TC Doctoral Student Receives Society for Public Health Education Fellowship
Ray Marks, a doctoral student in the Department of Health and Behavioral Studies was selected as one of three Society for Public Health (SOPHE) Fellows in Unintentional Injury Prevention. According to M. Elaine Held, the Executive Director of SOPHE, "the selection panel, comprised of representatives from SOPHE, The Centers for Disease Control (CDC) and academic and practitioner settings, was extremely impressed with Marks' proposal to examine potential determinants for falls among older adults and assess the short-term outcomes of a multidimensional risk intervention program."
Held added, "this fellowship was designed to support the training of a new generation of injury prevention researchers and practitioners who work in behavioral science, and we are pleased to have Ray as one of our fellows for the 2000-2001 program year."
"Ray Marks has been an outstanding doctoral student and has unlimited potential as an investigator," said Professor John Allegrante, who is Marks' doctoral research sponsor and collaborator, and a past president of SOPHE. "I think she is one of the few doctoral students in health education in the nation who is in a position to give future leadership to the kinds of injury prevention and control efforts that many of us hope will unfold from the work that this fellowship will support."
Marks said that the fellowship follows some of the work that she and Professor Allegrante have been doing and attempts to "expand on what we feel is a very important health area, which has not been previously addressed comprehensively."
"What I hope to do is to try to implement a multidimensional health education program, specifically designed for individuals who have experienced a recent fall, and to try and compare the outcomes of this intervention with a similar group, who will simply get the standard care that is now available," said Marks.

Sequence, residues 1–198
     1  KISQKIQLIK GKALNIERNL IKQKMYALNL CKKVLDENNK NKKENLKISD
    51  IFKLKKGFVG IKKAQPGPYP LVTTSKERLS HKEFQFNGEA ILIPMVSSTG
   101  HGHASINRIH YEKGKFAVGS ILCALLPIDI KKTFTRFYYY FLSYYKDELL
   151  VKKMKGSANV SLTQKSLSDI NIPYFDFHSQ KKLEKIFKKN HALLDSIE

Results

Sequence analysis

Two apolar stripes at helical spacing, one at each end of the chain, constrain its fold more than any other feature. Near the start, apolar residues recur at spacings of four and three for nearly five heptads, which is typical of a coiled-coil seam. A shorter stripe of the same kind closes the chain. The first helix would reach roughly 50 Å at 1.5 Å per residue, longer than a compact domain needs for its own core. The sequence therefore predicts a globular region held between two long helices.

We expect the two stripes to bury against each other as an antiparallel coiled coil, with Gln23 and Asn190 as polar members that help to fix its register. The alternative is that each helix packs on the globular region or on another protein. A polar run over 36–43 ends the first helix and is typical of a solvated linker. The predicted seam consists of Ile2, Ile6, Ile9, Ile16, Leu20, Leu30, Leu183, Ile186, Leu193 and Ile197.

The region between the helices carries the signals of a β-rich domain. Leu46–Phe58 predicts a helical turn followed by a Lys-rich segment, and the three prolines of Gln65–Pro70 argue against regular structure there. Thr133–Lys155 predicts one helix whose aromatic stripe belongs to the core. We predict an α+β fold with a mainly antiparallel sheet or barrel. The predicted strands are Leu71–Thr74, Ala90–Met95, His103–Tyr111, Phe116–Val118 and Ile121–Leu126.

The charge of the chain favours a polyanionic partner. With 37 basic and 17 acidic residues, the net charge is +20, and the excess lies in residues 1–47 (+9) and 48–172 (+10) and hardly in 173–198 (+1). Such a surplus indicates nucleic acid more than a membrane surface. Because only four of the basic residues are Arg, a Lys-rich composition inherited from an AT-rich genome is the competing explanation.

Marks commented, "I feel that the research will show very favorable results in terms of possibly preventing future falls, injuries, impairments, and hospitalizations, even in the short space of time of this one-year grant."
Marks explained the causes of falls fit into two categories. "There are those that are related to factors within the individual, the intra-individual characteristics such a person's age, actual level of physical fitness, and the amount of medication he or she may be taking. And then there's very strong evidence of an environmental component."
"We are particularly looking at people," Marks said, "in their own homes and at hazards within the home, such as the type of flooring, carpeting, or banisters which are in a state of ill repair. There's strong evidence that each of those hazards, alone or in combination, plus the effects of intra-individual factors, might interact to produce a fall and a fall injury."
Marks is going to try and identify on an individual basis what might be the most salient factors that have caused a fall for a particular individual, and implement a program accordingly.
This particular fellowship is the only one given to students. However Marks is also working with Allegrante on a grant project that is being funded by Cornell Aging Center. That study deals with falls and hip fractures from a slightly different viewpoint. "There we are concentrating on the intra-individual factors," Marks added, "such as poor nutrition and lack of balance that might contribute to falls."
She is also currently finishing research with Allegrante on the role of strength at the knee and its impact on falls and hip fractures, which was funded by the Arthritis Foundation.
Marks said she was both pleased and honored that she received the fellowship. "I'm very happy and I hope that I can produce the results that are demanded of such an auspicious award in such a short space of time."previous page